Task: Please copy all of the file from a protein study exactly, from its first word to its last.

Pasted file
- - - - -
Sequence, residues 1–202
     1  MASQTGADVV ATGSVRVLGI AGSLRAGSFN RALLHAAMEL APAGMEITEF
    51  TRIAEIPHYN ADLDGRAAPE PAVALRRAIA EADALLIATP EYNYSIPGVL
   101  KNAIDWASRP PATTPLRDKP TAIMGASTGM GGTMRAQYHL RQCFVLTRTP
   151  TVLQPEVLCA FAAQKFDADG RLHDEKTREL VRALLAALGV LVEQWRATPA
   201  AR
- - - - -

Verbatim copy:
Sequence, residues 1–202
     1  MASQTGADVV ATGSVRVLGI AGSLRAGSFN RALLHAAMEL APAGMEITEF
    51  TRIAEIPHYN ADLDGRAAPE PAVALRRAIA EADALLIATP EYNYSIPGVL
   101  KNAIDWASRP PATTPLRDKP TAIMGASTGM GGTMRAQYHL RQCFVLTRTP
   151  TVLQPEVLCA FAAQKFDADG RLHDEKTREL VRALLAALGV LVEQWRATPA
   201  AR